What The Study Did: In this population-based study of almost 2.4 million people who received at least one dose of COVID-19 mRNA vaccines, acute myocarditis was rare, at an incidence of 5.8 cases per 1 million individuals after the second dose (1 case per 172,414 fully vaccinated individuals). The signal of increased myocarditis in young men warrants further investigation.
Vaccination is an essential component of the public health strategy to end the COVID-19 pandemic.1–3 Recently, there have been reports of acute myocarditis following COVID-19 mRNA vaccine administration.4–6 We evaluated acute myocarditis incidence and clinical outcomes among adults following mRNA vaccination in an integrated health care system in the US.
We included Kaiser Permanente Southern California (KPSC) members aged 18 years or older who received at least 1 dose of the BNT162b2 (Pfizer) or mRNA-1273 (Moderna) mRNA vaccine between December 14, 2020, and July 20, 2021. Potential cases of postvaccine myocarditis were identified based on reports from clinicians to the KPSC Regional Immunization Practice Committee and by identifying hospitalization within 10 days of vaccine administration with a discharge diagnosis of myocarditis. All cases were independently adjudicated by at least 2 cardiologists. We calculated incidence rates and 95% confidence intervals (CIs) of myocarditis using vaccine administration as the denominator and compared it with the incidence of myocarditis in unexposed individuals between December 14, 2020, and July 20, 2021; and with vaccinated individuals during a 10-day period 1 year prior to vaccination. Incidence rate ratios (IRRs) and 95% CIs were calculated using STATA statistical software (version 14, Stata Corp). We described the characteristics and outcomes of acute myocarditis cases. A 2-sided P < .05 was used to define statistical significance. This study was approved by the institutional review board of KPSC with a waiver of informed consent because of the observational nature of the study in the course of standard care.
Of 2 392 924 KPSC members who received at least 1 dose of COVID-19 mRNA vaccines, 50.2% received mRNA-1273 and 50.0% BNT162b2. In this cohort, 54.0% were women, 31.2% White, 6.7% Black, 37.8% Hispanic, and 14.3% were Asian individuals. Median age was 49 years (IQR, 34-64 years), 35.7% were younger than 40 years, and 93.5% completed 2 doses of vaccines. In the unexposed group of 1 577 741 individuals, median (IQR) age was 39 (28-53) years, 53.7% were younger than 40 years, 49.1% women, 29.7% White, 8.8% Black, 39.2% Hispanic, and 6.6% were Asian individuals.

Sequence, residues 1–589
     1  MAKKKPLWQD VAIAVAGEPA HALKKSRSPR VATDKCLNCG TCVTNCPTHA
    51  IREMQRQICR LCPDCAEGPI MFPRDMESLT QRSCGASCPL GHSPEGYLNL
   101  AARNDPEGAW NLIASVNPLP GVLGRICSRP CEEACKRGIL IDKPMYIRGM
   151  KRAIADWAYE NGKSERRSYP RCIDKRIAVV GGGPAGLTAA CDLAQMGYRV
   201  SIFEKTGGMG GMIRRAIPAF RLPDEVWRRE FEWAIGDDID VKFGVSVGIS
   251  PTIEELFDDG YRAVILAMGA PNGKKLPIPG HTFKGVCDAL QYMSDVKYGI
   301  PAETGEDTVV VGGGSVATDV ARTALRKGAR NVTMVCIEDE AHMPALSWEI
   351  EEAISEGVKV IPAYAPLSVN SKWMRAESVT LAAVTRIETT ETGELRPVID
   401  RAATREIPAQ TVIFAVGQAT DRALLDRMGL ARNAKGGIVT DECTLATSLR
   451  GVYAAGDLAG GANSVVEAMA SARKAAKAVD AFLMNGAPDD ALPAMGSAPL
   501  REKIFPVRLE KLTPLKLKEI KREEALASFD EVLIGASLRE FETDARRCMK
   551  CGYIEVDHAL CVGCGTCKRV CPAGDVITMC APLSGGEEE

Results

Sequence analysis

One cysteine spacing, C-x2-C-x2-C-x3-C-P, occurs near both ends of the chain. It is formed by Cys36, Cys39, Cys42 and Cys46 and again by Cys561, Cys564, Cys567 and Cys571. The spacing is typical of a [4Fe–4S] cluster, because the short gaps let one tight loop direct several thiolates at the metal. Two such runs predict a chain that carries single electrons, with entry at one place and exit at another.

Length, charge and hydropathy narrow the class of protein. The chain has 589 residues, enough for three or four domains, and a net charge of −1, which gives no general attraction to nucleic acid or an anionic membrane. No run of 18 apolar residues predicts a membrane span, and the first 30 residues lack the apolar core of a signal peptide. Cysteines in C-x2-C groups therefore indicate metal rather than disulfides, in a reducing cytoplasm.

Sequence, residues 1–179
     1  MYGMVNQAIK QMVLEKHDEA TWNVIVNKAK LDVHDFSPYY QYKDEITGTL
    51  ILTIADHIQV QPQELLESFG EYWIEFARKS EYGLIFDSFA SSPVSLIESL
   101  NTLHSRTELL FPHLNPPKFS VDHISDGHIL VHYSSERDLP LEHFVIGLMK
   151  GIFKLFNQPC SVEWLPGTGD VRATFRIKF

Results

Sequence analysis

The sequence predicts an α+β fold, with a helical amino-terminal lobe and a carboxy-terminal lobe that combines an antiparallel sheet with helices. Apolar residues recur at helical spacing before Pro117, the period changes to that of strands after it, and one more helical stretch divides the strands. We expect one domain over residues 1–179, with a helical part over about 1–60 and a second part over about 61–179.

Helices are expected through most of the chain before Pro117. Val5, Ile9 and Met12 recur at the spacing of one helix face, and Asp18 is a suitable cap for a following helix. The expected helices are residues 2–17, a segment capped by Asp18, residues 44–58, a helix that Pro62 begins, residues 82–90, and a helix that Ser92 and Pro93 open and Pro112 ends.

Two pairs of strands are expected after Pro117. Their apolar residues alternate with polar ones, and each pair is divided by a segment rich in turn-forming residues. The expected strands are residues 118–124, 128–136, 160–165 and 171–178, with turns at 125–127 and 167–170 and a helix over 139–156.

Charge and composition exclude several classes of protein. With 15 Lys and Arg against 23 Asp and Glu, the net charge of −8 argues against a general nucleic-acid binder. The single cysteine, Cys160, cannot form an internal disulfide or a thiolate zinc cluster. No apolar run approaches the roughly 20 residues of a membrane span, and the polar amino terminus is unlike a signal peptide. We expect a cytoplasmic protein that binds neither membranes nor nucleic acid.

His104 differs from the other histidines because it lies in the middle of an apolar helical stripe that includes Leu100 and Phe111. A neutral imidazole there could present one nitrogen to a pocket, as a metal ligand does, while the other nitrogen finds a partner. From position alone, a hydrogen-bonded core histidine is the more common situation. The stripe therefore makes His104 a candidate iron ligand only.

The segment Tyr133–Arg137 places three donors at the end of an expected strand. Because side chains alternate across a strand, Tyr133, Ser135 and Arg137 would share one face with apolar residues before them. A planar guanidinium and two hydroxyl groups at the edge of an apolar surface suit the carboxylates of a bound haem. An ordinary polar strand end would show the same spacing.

There were 15 cases of confirmed myocarditis in the vaccinated group (2 after the first dose and 13 after the second), for an observed incidence of 0.8 cases per 1 million first doses and 5.8 cases per 1 million second doses over a 10-day observation window (Table 1). All were men, with a median (IQR) age of 25 (20-32) years. Among unexposed individuals, there were 75 cases of myocarditis during the study period, with 39 (52%) men and median (IQR) age of 52 (32-59) years. The IRR for myocarditis was 0.38 (95% CI, 0.05-1.40) for the first dose and 2.7 (95% CI, 1.4-4.8) for the second dose. Sensitivity analyses using vaccinated individuals as their own controls showed similar findings (Table 1).
Of the patients with myocarditis postvaccination, none had prior cardiac disease (Table 2). Eight patients received BNT162b2 and 7 received mRNA-1273. All were hospitalized and tested negative for SARS-CoV-2 by polymerase chain reaction on admission. Fourteen (93%) reported chest pain between 1 to 5 days after vaccination. Symptoms resolved with conservative management in all cases; no patients required intensive care unit admission or readmission after discharge.
In this population-based cohort study of 2 392 924 individuals who received at least 1 dose of COVID-19 mRNA vaccines, acute myocarditis was rare, at an incidence of 5.8 cases per 1 million individuals after the second dose (1 case per 172 414 fully vaccinated individuals). The signal of increased myocarditis in young men warrants further investigation.
This vaccinated cohort is unique in its racial and ethnic diversity and in receiving care at community hospitals with treatment reflective of real-world practice. Limitations of this study include the observational design; short follow-up time; absence of myocardial biopsy for definitive diagnosis; lack of uniform testing of all cases; possible more extensive workup of chest pain in vaccinated individuals during the immediate postvaccination period; and possible underdiagnosis of subclinical cases. No relationship between COVID-19 mRNA vaccination and postvaccination myocarditis can been established given the observational nature of this study.